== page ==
34 Filters To Find Your Target Accounts

By: Jack Reamer |
 July 26, 2021 |

When you think of filters, what’s the first thing that comes to mind?

Most probably things such as company size, demographics, industry, revenue, and job title.

But did you know that there are many, many more different types of filters out there that you can use to find your ideal target accounts?

Adding in some of these new filters and trying them out can bring your A-game by having a super-defined list of target accounts

Let’s jump in.

What filters should you use if you are searching for companies?

Before we begin, here is just a small word of advice: You know it’s a good filter to apply when most of your paying customers also belong to that filter. This can help you find more look-a-like filters to find your best-fit accounts

NOTE:

This article is structured by categories, and the filters you can use to search for target accounts are listed underneath. 

People

The category of filter that you could first make use of is the “people” category. 

This includes filters such as: 

A.)Company size 

B.)Department size

C.)Job title. 

For example, we once targeted companies with a minimum of 5 people in the sales team, which also contained the Sales director. 

You could use Linkedin Sales Navigator for this, but be sure to add some additional keywords to refine your search.  

Once you have a list of people you would like to target within companies, add personalization when messaging them through Linkedin for greater response rates.

Money

Within the money category, you could target things such as:

A.) Revenue (or even tam). 

Just note that money is not always an exact filter unless you are going after public trade. Otherwise, in most cases, it is just an estimate. 

Think about it… How would Zoominfo know the exact annual revenue of a small SaaS business, for example? They estimate the revenue by market size and market share.

B.) Funding

Within the funding filter, you can sort by: 

i.) Funding date (Ensure that the funding has taken place within the past 30 days.)

ii)Funding amount (You could search for target accounts that spent a specific amount on funding.)

iii) Filter by funding round. (A,B,C)

iiii) Investor

You could also look at the investor behind funding, but in most cases, this would be getting super granular for your specific account selection, and there aren’t many sales reps who do this. BUT it is a possibility if need be.

Time

When it comes to the time category, you can use:

A.) The year that the company was founded. 

“Time” can show you that the company has a real product and that it has been around for some time. This is especially important if you would like to target businesses that have been established for several years and not just a new startup.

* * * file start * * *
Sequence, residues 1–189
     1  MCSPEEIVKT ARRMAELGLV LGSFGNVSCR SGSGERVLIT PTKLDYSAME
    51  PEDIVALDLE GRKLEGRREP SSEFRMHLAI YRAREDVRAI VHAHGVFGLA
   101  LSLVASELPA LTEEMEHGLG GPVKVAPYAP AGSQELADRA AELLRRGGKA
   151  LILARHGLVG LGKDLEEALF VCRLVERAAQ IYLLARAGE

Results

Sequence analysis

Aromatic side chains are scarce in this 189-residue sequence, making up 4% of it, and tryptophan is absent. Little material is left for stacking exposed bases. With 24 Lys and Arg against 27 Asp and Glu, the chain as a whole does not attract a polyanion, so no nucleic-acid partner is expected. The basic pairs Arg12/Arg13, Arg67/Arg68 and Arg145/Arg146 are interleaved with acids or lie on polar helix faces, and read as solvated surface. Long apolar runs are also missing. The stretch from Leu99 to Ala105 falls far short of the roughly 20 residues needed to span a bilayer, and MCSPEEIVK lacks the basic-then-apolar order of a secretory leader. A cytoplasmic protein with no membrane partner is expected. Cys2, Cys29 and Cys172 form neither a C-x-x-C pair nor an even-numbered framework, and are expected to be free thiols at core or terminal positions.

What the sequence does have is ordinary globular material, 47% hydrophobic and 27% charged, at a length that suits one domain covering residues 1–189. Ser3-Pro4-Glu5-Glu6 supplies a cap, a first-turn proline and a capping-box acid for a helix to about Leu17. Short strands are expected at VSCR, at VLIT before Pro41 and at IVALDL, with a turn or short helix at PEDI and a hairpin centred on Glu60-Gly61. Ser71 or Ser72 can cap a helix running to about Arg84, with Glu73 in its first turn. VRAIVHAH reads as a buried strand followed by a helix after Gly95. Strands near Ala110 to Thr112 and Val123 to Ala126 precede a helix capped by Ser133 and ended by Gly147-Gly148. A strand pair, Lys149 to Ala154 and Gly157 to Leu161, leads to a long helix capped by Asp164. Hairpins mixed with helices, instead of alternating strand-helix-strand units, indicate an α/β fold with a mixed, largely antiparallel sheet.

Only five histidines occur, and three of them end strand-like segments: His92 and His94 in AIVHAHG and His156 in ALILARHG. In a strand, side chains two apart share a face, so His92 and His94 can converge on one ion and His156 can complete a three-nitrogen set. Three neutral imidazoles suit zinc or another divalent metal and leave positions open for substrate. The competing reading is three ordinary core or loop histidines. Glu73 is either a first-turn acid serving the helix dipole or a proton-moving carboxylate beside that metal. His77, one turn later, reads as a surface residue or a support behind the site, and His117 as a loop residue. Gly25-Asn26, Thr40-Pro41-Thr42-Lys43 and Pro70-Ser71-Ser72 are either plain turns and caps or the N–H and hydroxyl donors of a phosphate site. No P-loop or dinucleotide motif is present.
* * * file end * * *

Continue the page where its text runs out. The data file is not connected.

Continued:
You could look for bootstrap startups that have been in business for two years even if they have not raised money, for example. And even if it’s a solo founder, you know that they are probably working with a product that has “legs.” 

But make sure that when you are filtering via “time,” it is an actual “real-time” situation. For example, some people might say that they are a founder of a side hustle for seven years, but the business has actually never grown.  

Therefore before adding these prospects into your sales cycle, double-check that they are legit.

Intent Data

Intent data is a product you can use to find companies looking for your specific service or product. It will crawl through a bunch of traffic, opt-ins, cookies and tell you which companies are looking for what service or product.

Suppose you are in a vast market offering a widespread service or product, for example, a marketing agency. In that case, you can buy intent data to find companies that are looking for marketers.  

Intent data is great if you are in a very large space where there is high competition, but if you are in a specialized niche space, then buying intent data is not necessary. 

(Salesforce uses intent data to build a targeted list.)

Hiring

A.) Title

When it comes to using “hiring” as a category, you would filter by job title to find the right person to contact.

Note:

You might be wondering if “hiring” is a good category.

The answer?

In short… Yes, but with a caveat. 

Be aware that if you are selling an outsource solution to someone who is looking to in-house something, there will be a big hurdle that you will have to cross. 

Unless it’s a total no-brainer and outsourcing is a better option for your sales activities than creating an in-house team, for example. 

A good role of thumb is to check if any of your paying existing customers switched over to you when they were previously considering hiring someone for an inhouse-role.

Events

Thankfully we are past the days of complete lockdowns; in-person events might still take place. But due to technological advances, events don’t have to be in the flesh necessarily. 

Use these filters when taking a look at the events category: